US 4919280 A
A merchandising system wherein vertically spaced horizontal brackets are secured to a long wall. Vertical poles are spaced horizontally from the walls to divide the area into multiple sections, two adjacent vertical poles defining a section. The poles have shelf corner supports which, cooperating with the brackets, provide for the mounting of shelves. Other sections are provided with vertical wire grids whereby the system accommodates standup luggage on the shelves and hang-up luggage on the wire grids.
1. A merchandising system comprising,
a first set of a plurality of brackets mounted on said wall in vertically spaced relation, each said bracket having a horizontally projecting leg,
at least two vertical poles spaced from said wall and opposite said brackets,
a plurality of cross fittings mounted on each of said poles, each said cross fitting having a horizontal cylinder, each said bracket having a pair of said cross fittings opposite each said bracket,
cylindrical horizontal sleeves in the cylinders of said cross fittings, said sleeves having slotted projecting portions,
and a shelf having a front edge mounted in each pair of said slotted portions of said sleeves and a back edge mounted on each said bracket.
2. A display system as in claim 1 further comprising,
a light mounted in at least one of said shelves adjacent its rear edge to provide backlighting against said wall.
3. A display system as in claim 2 in which said light shines above and below said shelf.
4. In a display rack, a corner mount for a shelf comprising,
at least one vertical pole,
a two-cylinder right angle fitting having one cylinder mounted on said pole, the other cylinder having a horizontal axis,
a sleeve fixed in the other cylinder, said sleeve having at least one end projecting from its cylinder, said end being a partial cylinder presenting two arcuately spaced edges,
the corner of said shelf being placed between said spaced edges.
This invention relates to a merchandising system, and more particularly, the invention relates to a variable display arrangement principally for luggage, although obviously it could be suitable for other types of merchandise.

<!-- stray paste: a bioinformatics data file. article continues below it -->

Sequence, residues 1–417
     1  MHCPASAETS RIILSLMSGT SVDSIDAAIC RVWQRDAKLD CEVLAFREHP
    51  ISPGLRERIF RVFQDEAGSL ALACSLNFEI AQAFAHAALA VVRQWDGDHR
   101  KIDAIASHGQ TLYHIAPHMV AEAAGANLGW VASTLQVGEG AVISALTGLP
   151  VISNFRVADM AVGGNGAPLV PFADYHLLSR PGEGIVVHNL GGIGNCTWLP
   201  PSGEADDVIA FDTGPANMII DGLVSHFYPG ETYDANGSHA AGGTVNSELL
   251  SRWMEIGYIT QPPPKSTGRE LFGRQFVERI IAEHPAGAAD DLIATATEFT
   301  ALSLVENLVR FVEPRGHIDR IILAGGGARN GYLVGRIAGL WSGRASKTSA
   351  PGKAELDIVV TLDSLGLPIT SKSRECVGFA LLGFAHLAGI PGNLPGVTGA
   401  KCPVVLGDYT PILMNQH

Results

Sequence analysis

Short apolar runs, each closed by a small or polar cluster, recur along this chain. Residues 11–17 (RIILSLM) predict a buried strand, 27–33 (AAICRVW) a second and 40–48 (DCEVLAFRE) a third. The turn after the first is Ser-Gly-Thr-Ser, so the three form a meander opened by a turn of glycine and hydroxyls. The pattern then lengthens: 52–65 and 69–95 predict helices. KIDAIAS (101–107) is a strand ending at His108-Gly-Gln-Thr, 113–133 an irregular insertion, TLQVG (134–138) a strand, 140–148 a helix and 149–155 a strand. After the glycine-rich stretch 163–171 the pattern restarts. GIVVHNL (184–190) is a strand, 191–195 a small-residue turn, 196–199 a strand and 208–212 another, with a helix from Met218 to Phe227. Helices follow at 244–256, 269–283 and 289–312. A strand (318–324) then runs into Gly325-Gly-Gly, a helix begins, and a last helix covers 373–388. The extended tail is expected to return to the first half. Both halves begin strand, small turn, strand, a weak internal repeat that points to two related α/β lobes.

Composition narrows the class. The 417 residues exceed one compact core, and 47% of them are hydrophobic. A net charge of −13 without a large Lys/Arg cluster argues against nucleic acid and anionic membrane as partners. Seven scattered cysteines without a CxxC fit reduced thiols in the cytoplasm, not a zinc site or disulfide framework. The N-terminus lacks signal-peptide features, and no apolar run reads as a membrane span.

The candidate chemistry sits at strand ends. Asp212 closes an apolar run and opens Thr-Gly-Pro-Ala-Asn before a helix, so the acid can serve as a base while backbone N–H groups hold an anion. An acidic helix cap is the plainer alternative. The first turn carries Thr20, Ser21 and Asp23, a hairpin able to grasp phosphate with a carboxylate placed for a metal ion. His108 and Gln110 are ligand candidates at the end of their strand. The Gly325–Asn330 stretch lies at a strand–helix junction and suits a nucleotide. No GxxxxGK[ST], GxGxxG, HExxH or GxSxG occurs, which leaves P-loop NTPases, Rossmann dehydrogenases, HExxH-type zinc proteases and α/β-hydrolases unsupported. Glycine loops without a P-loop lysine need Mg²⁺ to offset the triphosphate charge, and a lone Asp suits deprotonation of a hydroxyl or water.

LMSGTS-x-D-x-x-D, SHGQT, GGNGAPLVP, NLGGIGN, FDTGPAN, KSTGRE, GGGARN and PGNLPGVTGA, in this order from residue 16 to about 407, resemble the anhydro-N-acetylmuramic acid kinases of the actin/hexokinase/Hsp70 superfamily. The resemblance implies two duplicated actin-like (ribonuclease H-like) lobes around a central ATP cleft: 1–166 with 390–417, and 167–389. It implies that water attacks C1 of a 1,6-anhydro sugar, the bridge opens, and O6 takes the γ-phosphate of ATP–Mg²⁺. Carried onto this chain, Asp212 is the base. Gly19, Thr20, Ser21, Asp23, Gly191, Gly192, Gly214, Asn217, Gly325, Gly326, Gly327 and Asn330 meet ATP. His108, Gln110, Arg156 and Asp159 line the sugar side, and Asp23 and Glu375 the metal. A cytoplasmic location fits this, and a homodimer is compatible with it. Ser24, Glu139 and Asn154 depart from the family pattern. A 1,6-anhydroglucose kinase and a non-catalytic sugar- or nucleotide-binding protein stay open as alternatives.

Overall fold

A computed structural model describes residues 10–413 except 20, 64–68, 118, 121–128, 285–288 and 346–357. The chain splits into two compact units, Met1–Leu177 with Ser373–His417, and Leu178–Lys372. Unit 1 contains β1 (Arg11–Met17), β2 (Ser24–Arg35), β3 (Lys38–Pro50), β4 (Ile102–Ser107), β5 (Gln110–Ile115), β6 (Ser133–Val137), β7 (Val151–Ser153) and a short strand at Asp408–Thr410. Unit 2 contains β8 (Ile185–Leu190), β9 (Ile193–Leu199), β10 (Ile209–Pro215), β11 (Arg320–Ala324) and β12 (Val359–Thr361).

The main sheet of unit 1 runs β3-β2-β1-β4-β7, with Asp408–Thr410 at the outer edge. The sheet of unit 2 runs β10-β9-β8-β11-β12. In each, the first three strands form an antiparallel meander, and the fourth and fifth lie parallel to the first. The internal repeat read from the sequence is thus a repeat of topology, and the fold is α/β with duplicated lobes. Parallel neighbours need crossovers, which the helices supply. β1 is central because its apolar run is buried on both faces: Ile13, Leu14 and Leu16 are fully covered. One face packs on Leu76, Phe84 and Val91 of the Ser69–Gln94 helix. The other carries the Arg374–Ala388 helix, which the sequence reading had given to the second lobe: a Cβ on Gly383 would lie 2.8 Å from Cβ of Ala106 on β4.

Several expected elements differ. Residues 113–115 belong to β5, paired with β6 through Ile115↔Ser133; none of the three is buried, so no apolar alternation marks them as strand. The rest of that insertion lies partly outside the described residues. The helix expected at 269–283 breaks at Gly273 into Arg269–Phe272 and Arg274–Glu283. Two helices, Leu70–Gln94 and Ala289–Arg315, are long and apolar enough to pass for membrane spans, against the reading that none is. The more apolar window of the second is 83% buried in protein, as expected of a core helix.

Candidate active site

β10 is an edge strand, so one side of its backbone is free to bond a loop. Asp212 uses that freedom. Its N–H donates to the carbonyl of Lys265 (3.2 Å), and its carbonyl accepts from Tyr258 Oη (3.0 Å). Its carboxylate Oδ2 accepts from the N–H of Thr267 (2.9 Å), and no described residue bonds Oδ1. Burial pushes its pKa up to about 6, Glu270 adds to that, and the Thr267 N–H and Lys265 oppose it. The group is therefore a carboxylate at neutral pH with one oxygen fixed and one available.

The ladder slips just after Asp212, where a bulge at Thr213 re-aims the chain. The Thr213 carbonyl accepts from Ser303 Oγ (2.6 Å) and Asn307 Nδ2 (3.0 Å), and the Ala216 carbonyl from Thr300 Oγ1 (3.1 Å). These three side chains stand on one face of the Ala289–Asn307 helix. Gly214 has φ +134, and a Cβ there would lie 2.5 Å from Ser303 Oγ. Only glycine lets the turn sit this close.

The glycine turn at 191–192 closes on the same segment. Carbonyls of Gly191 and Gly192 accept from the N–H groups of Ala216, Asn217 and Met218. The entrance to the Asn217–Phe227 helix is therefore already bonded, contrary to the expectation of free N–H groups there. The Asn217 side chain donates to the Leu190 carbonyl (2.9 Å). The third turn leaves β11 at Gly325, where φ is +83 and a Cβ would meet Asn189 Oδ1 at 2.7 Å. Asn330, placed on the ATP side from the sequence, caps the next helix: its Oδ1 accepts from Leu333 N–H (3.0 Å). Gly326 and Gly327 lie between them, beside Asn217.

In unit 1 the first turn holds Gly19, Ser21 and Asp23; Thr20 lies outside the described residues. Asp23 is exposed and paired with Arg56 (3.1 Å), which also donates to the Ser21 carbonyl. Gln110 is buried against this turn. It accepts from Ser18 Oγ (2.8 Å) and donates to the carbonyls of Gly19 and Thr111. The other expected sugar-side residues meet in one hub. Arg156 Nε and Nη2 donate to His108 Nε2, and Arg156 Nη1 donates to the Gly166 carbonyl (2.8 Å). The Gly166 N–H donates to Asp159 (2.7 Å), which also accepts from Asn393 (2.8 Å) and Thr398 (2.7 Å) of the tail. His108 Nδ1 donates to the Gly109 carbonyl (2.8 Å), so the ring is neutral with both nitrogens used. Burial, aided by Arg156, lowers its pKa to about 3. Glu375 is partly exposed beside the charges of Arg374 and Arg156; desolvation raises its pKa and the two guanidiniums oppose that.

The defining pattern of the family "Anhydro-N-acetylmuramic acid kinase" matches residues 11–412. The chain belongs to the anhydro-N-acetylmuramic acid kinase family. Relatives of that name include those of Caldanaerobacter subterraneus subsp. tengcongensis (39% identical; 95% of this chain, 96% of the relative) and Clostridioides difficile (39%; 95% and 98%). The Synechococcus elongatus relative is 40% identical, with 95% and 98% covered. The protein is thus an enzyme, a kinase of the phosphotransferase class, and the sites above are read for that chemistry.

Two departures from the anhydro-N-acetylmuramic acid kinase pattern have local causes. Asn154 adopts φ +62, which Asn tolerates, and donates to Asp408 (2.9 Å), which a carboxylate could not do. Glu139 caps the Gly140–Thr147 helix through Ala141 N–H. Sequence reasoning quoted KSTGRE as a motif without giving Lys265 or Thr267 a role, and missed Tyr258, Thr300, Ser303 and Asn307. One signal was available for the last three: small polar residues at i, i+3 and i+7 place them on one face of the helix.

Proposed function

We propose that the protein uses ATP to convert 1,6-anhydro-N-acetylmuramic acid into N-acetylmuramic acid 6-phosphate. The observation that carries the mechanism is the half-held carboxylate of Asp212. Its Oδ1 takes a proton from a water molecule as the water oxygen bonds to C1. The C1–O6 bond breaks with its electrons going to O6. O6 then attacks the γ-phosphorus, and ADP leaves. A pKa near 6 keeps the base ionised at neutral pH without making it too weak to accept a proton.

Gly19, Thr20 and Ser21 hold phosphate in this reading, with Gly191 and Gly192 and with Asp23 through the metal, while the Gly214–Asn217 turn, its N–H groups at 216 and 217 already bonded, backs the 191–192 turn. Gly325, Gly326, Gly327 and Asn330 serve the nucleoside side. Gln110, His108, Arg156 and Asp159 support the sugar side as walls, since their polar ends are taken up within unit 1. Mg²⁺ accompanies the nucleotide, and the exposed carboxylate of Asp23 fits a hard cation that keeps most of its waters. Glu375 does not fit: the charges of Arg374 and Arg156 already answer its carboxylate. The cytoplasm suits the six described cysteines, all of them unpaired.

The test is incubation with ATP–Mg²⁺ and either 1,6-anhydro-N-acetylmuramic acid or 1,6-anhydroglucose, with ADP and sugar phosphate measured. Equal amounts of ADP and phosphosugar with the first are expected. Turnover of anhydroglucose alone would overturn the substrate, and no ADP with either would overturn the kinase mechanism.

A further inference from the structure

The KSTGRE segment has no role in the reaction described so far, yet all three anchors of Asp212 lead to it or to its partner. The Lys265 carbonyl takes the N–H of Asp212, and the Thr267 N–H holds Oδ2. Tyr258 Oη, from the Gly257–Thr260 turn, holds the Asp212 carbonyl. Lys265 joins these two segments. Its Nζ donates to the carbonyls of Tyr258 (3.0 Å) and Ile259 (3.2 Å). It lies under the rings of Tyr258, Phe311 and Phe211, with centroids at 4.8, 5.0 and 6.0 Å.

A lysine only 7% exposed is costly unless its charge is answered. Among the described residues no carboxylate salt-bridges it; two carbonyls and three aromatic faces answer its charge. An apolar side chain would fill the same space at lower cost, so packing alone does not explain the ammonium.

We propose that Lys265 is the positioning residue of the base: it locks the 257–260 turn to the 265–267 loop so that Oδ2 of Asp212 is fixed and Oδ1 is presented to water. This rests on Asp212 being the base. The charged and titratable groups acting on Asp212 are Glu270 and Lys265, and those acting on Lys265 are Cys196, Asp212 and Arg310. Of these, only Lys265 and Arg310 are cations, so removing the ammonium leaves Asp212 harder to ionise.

Referring to the matter of merchandising of luggage, it is contemplated that a manufacturer of luggage would sell some of its product at outlet stores. Complete walls of the outlet store, 60-70 feet long, would be devoted to the display of luggage. It is of course desired to display the luggage as attractively and as visibly as possible and to be able to change the displays from time to time as the product mix changes. But there are currently marketed no display systems which admit of variable arrangements and rearrangements while remaining attractive. Adjustable shelving is, of course, available. For the most part, such shelving creates a kind of warehouse ambiance that is not suitable for the merchandising of luggage. Other shelving does not permit the displaying of merchandise such as luggage in such a manner that it can be seen by the prospective purchaser. Still other display systems are suitable for providing an attractive presentation of merchandise but are designed only for garments.
It has been an objective of the present invention to provide a merchandising system that admits of a display of a great many pieces of diverse types of luggage in an attractive setting and one which is susceptible of rearrangements to accommodate different product mixes.
The objective of the present invention is attained by structure that is suitable for erection along a long wall and which divides the wall into a number of sections, the sections being, for example, approximately 71/2 feet wide. The system provides for horizontal L-shaped brackets to extend along the length of the wall, usually 3-4 vertically spaced lines of brackets being provided. Brackets provide support for the rear edge of each shelf positioned in a section. The brackets have riveted thereto projecting hangers for supporting a wire grid.